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The High Line Just Got A Brand New Giant Mural

Claire Leaden Claire Leaden

The High Line Just Got A Brand New Giant Mural

The High Line is a perfect display of what makes NYC so special: using the old and the new to create one-of-a-kind parts of a historical but modern city.

The park is built on an elevated freight train line from the 1930s, which is now a bustling green space with beautiful gardens, performances, community activities and delicious food. And, fantastic art pieces. It’s like its own walkable, outdoor (free!) museum.

The High Line boasts many murals, sculptures, installations and performance art pieces, from world-renowned artists in all different stages of their careers. It’s actually the only park in New York City with a dedicated multimedia contemporary art program.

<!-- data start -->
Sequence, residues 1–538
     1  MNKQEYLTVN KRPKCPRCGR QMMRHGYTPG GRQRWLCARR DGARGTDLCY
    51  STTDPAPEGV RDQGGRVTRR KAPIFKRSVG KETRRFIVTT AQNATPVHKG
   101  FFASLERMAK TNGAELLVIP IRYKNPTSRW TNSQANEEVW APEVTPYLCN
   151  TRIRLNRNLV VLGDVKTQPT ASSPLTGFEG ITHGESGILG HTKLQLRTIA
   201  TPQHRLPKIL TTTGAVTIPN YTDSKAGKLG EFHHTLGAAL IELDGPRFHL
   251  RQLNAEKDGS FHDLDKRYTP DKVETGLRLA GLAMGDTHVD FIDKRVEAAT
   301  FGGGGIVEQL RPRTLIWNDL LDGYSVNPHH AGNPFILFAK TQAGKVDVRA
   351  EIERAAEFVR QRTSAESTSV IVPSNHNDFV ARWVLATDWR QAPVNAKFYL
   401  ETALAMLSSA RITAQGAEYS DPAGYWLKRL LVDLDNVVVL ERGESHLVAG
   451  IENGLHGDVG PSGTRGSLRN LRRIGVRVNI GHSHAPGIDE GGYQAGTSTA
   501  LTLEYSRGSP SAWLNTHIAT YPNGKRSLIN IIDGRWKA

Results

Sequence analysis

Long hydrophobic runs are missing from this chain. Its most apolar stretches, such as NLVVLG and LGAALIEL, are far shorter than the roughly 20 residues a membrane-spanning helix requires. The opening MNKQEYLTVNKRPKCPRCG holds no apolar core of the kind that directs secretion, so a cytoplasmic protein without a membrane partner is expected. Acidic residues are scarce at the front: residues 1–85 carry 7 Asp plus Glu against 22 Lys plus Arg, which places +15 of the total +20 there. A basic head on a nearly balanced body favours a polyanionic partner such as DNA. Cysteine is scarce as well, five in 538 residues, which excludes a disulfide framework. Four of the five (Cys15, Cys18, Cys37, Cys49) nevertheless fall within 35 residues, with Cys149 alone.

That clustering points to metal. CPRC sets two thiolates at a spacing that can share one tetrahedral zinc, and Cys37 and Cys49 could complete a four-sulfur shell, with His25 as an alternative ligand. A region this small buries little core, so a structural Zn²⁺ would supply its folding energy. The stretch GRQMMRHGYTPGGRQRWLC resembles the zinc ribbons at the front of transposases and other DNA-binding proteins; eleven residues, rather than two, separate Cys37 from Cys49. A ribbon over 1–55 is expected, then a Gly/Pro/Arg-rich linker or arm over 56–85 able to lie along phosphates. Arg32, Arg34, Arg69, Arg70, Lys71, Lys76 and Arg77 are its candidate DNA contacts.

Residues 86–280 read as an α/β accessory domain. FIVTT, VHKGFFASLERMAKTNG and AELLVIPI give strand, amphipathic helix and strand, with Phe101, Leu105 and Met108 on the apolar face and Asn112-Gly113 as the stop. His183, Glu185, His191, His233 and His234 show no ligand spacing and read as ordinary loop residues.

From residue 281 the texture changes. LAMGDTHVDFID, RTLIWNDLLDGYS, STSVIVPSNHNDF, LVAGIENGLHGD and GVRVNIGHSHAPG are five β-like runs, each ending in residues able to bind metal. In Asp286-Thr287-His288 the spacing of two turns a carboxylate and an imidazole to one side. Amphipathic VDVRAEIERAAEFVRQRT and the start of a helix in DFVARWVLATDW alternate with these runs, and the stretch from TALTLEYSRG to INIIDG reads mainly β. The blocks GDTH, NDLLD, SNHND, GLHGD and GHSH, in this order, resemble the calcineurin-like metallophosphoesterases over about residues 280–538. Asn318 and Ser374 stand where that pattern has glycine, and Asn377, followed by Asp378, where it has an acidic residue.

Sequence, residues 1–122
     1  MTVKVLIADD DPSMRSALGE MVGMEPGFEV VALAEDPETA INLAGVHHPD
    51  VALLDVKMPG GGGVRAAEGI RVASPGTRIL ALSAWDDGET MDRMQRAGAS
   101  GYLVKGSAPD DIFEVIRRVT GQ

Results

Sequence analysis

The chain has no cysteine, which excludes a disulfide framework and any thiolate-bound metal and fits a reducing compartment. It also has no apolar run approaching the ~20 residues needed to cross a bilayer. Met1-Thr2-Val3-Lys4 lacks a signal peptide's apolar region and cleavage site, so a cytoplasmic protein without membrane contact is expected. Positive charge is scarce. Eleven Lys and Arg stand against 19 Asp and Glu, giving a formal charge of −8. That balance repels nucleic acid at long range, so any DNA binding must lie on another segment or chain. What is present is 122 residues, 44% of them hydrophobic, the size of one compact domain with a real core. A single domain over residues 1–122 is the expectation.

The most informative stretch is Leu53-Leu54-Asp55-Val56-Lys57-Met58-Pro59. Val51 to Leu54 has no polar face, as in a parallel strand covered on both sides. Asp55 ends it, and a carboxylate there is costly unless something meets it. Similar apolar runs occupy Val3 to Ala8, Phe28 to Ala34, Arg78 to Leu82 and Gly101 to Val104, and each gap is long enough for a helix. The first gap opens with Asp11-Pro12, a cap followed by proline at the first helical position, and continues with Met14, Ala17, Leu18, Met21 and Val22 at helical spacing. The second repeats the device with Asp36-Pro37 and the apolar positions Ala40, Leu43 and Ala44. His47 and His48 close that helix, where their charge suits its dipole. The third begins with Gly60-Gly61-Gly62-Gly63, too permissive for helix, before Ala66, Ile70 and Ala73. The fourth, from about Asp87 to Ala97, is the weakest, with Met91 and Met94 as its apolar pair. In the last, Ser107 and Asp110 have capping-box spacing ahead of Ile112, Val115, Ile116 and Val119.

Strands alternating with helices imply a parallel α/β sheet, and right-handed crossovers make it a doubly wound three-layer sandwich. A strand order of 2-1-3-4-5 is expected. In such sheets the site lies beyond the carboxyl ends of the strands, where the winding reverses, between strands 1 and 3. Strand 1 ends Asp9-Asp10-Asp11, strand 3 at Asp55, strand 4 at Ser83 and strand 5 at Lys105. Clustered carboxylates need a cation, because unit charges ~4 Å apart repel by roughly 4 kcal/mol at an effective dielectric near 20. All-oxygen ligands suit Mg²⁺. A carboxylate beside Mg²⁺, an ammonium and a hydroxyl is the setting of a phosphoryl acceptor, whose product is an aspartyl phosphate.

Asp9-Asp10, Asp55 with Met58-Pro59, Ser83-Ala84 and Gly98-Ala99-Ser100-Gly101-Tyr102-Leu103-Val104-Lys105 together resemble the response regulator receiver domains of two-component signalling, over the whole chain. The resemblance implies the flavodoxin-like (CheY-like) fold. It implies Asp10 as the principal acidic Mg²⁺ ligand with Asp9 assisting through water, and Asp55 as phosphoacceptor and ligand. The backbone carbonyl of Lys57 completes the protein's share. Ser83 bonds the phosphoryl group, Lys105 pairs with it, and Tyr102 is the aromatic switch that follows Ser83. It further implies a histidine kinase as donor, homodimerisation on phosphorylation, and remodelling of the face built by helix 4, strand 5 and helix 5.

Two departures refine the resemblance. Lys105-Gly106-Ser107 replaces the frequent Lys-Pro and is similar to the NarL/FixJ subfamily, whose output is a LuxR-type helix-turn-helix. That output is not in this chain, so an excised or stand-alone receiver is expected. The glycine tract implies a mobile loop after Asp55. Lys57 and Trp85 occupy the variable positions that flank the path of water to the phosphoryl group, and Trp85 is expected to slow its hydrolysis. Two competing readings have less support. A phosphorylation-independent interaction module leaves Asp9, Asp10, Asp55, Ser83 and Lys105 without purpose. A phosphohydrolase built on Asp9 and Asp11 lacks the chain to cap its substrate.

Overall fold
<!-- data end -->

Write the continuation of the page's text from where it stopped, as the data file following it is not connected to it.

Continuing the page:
And the newest piece to be added to the mix is “The Baayfalls” by artist Jordan Casteel, who is best known for her portraiture conveying the detailed facial expressions and mannerisms of people she observes.

The mural is a blown-up version of her 2017 painting of the same name. It shows Fallou, a woman the artist befriended during her residency at The Studio Museum in Harlem, along with her brother Baaye Demba Sow. The two are shown at the table outside the museum where Fallou sells her handmade hats. When Fallou’s brother arrived from Senegal, Casteel asked them to sit for a portrait. The title of the work comes from Baye Fall, a sect of the Sufi brotherhood Mouride that Fallou’s brother is a part of.

The mural being installed. Instagram / @timothyschenck via @highlineartnyc

The portrait brings a piece of the Harlem sidewalk to the Chelsea section of the park, “connecting public spaces of different neighborhoods across the city,” a statement from the High Line reads. “Through her portraiture, Casteel adds deeply nuanced expressions of human experience to the expanding collection of images we see every day.”

The mural can be seen from the park (running alongside 10th Ave), on a building adjacent to it at 22nd St. It will be up on display for a full year, from now through December 2020.

featured image source: Courtesy the High Line